Even with all this, I am hopeful because I know that the Kingdom of God is near. I realize that race is a man-made social construct influenced by Satan to keep the children of God from understanding their true identity and purpose. I will continue to fight with spiritual weapons to bring the reconciling message of Jesus Christ to the lost and the broken. I will not give up.
In this same month that a movie on Jackie Robinson, who integrated major league baseball years before the Civil Right Act is released, a high school in the state of Georgia has its first racially integrated high school prom (google it, if you don’t believe me, I saw this on a cable news and entertainment station, Headline News this morning). This is happening in a nation that some claim to be post-racial. Think about this, students in Wilcox County, Georgia had to fight for an integrated prom. They received backlash from some and some of those folks held their own White Only Prom.
There are many of my evangelical Christian Brothers and Sisters that don’t want to deal with race, believing that we are either now in a colorblind and post-racial reality, or think that talking about race is only about bringing on “White Guilt.” My purpose in dealing with issues of race is four fold-
1.) To show that race is unbiblical and was never from a Scriptural standpoint, God’s idea for defining humanity.
2.) To show the race structure and racism individually and systemically for the sin and demonic force that it is.
3.) To create healthy ways to raise awareness and have discussions about race, so that the church can be fruitful and effective in an ever-increasing multi-ethnic and multicultural mission field.
4.) Through ministry initiatives of reconciliation and righteousness, create a movement of Kingdom Community.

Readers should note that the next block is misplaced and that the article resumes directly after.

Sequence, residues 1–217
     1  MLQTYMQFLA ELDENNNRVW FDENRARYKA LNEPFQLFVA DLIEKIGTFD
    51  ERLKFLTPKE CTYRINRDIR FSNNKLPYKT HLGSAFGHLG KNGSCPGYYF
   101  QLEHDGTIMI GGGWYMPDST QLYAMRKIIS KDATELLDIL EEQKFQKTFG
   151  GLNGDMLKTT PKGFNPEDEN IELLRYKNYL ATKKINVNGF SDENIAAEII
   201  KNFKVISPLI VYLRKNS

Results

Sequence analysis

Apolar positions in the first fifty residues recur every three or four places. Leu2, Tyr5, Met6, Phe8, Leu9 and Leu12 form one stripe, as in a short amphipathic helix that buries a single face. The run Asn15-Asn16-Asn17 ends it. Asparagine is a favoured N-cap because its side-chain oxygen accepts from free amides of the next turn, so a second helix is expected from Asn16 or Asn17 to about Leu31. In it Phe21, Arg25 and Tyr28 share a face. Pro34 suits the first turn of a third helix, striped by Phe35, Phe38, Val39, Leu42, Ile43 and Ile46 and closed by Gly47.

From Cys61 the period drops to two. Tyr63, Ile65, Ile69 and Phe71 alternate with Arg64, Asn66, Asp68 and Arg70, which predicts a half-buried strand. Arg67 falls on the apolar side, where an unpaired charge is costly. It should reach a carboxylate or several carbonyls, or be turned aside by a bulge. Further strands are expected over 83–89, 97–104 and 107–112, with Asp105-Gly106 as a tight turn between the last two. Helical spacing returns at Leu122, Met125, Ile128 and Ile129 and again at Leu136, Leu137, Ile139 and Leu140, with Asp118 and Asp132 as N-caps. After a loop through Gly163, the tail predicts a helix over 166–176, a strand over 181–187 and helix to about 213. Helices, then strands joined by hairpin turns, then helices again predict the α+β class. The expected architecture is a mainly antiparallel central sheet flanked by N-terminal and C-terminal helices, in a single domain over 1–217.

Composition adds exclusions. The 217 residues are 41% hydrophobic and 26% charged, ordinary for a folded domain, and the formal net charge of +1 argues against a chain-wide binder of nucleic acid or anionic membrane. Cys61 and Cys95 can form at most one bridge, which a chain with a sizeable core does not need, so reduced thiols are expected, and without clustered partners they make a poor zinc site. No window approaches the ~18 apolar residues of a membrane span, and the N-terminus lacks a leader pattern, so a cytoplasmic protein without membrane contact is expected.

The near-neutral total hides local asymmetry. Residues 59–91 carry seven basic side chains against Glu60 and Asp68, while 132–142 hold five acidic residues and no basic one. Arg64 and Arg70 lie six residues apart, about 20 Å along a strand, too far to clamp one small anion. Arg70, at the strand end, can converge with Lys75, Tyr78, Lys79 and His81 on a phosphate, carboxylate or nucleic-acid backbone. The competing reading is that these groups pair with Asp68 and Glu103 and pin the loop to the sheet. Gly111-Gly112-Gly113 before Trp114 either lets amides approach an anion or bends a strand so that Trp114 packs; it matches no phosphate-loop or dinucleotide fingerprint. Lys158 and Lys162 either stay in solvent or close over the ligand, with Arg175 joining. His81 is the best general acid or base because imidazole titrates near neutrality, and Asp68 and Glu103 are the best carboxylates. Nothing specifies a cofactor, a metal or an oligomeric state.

This mission will be difficult for the church if evangelicals on one hand want to promote the Jackie Robinson movie, “42″ as great, but are silent about segregated high school proms in the Bible Belt. We can’t have real movement around Kingdom citizenship and community if there is still a great fear from some Christian White families that their daughters are at risk of being asked to prom by a Black or Brown young man. Why else would you want a prom to be segregated? I also wonder if the same churches in the Bible Belt that are silent on segregated proms are still practicing the homogenous principal when it comes to church planting and revitalization?
I realize that there are many churches that are striving to be Christ-centered, multi-ethnic, and reconciling communities. I think of church like Voice of Calvary in Jackson, Mississippi and Mosaic Church of Central Arkansas in Little Rock. There are many others in the Bible Belt that are champions of developing Reconciling Churches. At the same time there are still too many evangelical leaders denying the reality and impact of race in the United States and beyond. Because of this the church is not having the Kingdom impact it could on issues such as immigration, incarceration rates, and disparities in the areas of housing, employment, and education. The issues of race at the end of the day are much bigger than the high school proms that will take place around the country this weekend.